Significance Of Singapore Budget 2014 To The Local Workforce

Every year, the Singapore Budget prepared by Ministry of Finance is of a great concern to Singaporeans as it directly and indirectly impacts our livelihood for the rest of the year. Deputy Prime Minister (DPM) Tharman Shanmugaratnam Budget 2014 statement delivered on 21 February 2014 aroused quite a bit of excitement.  He shared that Budget 2014 will focus on nurturing quality growth and building a fair and equitable society. Quality growth will be based on innovation and deeper capabilities to sustain rising incomes for Singaporeans and avoid indefinite expansion of the foreign workforce. Social safety nets will be strengthened and inequalities will be reduced while at the same time keeping quality healthcare affordable to all. Overall, the new budget looks nice and rosy but the devil is in the details. Let’s break it down and understand what it really meant for our local workforce as a whole.

Singapore Budget 2014 - AspirantSG

Increase in CPF Contribution 

Just weeks ahead of the Budget statement, the National Trades Union Congress (NTUC) called for an inclusive review of the Central Provident Fund (CPF) contribution rates for workers of all ages. They hope to see enhancement in the employer contribution to the Medisave accounts of workers in all age groups, in view of rising health-care costs and medical insurance premiums as well as higher CPF contribution by employers for older Singaporeans.

In case you have forgotten, a decision was made to reduce the total CPF contribution rates for elderly workers between age 50 up to 55 during 2005 and 2006 to help make it easier for our elderly workers to get a job. The employment rates of these elderly workers in this age group were significantly lower than those of the younger ones and seniority-based wages discouraged employers from hiring them.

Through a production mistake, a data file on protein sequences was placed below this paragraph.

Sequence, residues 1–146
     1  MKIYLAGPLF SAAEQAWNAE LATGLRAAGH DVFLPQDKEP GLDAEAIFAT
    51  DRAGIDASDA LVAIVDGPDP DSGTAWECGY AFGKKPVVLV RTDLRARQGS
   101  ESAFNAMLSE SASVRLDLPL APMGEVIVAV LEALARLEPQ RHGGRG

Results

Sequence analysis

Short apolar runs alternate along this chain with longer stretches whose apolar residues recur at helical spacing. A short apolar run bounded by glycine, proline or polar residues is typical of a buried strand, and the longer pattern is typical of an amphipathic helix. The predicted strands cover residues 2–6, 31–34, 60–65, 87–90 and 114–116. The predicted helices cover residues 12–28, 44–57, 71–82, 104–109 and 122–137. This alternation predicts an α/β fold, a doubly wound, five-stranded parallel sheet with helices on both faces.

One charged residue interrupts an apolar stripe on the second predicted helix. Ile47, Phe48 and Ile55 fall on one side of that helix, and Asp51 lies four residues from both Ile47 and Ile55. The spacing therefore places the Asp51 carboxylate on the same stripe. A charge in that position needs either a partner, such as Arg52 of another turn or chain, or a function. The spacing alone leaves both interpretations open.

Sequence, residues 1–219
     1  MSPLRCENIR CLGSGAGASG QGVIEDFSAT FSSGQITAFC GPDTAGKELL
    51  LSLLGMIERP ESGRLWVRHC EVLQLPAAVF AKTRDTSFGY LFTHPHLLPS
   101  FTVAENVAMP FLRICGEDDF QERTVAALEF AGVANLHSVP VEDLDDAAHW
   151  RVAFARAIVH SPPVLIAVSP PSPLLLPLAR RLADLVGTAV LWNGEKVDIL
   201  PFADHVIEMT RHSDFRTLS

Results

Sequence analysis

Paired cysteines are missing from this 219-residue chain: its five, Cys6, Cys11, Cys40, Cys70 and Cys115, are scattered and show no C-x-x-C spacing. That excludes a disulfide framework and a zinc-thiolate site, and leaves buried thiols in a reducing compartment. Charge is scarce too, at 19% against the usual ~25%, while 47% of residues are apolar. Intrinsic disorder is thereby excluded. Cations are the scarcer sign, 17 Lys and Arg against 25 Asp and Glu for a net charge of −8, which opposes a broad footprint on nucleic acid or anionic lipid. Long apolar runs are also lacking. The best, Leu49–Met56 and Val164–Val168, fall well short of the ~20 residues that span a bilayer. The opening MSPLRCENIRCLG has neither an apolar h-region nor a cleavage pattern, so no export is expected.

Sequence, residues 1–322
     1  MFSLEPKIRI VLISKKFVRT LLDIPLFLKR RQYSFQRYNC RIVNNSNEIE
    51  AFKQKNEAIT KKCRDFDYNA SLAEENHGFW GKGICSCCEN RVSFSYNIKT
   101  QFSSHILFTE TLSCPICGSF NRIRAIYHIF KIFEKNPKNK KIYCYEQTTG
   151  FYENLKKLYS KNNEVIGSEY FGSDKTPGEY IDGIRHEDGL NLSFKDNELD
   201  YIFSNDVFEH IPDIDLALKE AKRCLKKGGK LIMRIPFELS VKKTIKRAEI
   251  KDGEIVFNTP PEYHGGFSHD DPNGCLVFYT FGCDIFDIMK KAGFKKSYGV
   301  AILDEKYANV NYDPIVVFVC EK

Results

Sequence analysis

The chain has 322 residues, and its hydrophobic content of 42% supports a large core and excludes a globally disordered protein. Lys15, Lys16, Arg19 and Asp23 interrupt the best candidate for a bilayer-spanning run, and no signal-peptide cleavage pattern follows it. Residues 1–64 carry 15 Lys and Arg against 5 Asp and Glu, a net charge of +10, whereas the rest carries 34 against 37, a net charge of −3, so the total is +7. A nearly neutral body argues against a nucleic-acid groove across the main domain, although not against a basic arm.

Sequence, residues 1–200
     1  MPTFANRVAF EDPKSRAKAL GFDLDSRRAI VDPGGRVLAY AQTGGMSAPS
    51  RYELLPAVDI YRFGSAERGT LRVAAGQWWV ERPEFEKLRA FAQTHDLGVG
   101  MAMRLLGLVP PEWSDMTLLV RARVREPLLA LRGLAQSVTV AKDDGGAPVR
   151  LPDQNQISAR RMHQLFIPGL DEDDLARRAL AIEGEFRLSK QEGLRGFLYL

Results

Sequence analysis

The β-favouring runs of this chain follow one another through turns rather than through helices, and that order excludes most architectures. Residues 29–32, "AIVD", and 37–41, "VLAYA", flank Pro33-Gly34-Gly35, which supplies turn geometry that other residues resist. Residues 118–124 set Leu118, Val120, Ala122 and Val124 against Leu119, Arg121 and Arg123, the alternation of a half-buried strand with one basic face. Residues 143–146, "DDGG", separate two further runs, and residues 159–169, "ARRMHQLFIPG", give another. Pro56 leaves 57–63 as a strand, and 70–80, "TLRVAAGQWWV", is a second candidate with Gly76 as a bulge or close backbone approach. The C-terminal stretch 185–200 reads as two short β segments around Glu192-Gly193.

But times have changed, employers have since moved towards a performance-based wage system, we have a re-employment legislation in place and employers who hire workers aged above 50 also receive the Special Employment Credit from the Government. We have also witnessed the resident employment rate of our older workers rose by about 10 percentage points over the last decade.

CPF Graph - AspirantSG

Thankfully, the call for an increase in employer’s CPF contribution got answered in Budget 2014. Central Provident Fund (CPF) Medisave employer contribution rate was raised by 1 percentage point for all workers from January 2015. CPF contribution rates for workers aged 50 to 55 was raised by 1.5 percentage points were 1 percentage point comes from the employer and 0.5 percentage points from the employee. Employer contribution rate for those aged 55 to 65 will also increase by 0.5 percentage points. 

With Singaporeans getting married and starting families later, the increase in Medisave contribution will come in handy for their ageing parents and provide for an additional shelter during rainy days. In view of longer life expectancies, older workers will also enjoy more savings for their retirement and be more independent with taking care of their medical fees.